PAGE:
Manipulating Expressions with Surds

Manipulating Expressions with Surds


Surds can occur in algebraic expressions. When a surd involves a fraction, it should not be left with a square root as a denominator. As an example, consider `frac(1)(√x)`. To remove the √x as the denominator, multiply the fraction (both numerator and denominator) by √x, such that:

`frac(1)(√x) xx frac(√x)(√x) = frac(√x)(x)`

Surds can be resolved without multiplying the fraction, such as `frac(b√a)(√b)`. In this instance, completing the division by √b gives an answer of √ba, which can be written as `sqrt(ab)``.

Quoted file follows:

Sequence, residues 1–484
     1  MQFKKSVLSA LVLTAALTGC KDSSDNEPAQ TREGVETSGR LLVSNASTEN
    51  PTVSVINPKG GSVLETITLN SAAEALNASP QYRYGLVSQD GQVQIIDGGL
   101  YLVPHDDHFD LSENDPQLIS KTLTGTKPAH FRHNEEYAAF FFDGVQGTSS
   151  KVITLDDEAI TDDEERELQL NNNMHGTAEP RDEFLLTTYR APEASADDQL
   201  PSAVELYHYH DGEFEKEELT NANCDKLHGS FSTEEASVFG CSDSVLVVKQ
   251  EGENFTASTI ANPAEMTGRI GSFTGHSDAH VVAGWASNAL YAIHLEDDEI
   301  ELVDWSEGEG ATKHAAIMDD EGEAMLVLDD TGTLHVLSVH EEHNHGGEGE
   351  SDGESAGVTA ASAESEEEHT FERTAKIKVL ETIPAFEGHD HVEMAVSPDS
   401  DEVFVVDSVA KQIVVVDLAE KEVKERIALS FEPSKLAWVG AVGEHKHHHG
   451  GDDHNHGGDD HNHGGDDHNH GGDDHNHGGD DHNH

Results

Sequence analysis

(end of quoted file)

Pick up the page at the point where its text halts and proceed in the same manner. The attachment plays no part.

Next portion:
The rules for manipulating surds algebraically are the same as those used for manipulating surds arithmetically:

• √ab = √a x √b (multiplying two surds);

• m√a + n√a = (m + n)√a (adding two like surds);

`sqrt(frac(a)(b))` = `frac(√a)(√b)` (dividing two surds).


1. Simplify `frac(√x + 1)(√x)`.

Answer: 1 + `frac(√x)(x)`

`frac(√x + 1)(√x)` x `frac(√x)(√x)`

= `frac(x + √x)(x)`

= `1 + frac(√x)(x)`

2. Simplify `frac(√x + x^2)(√x)`

Answer: 1 + x√x

` frac(√x + x^2)(√x) xx frac(√x)(√x)`

`= frac(√x√x + x^2√x)(√x√x)`

`= frac(x + x^2√x)(x)`

`= 1 + x√x`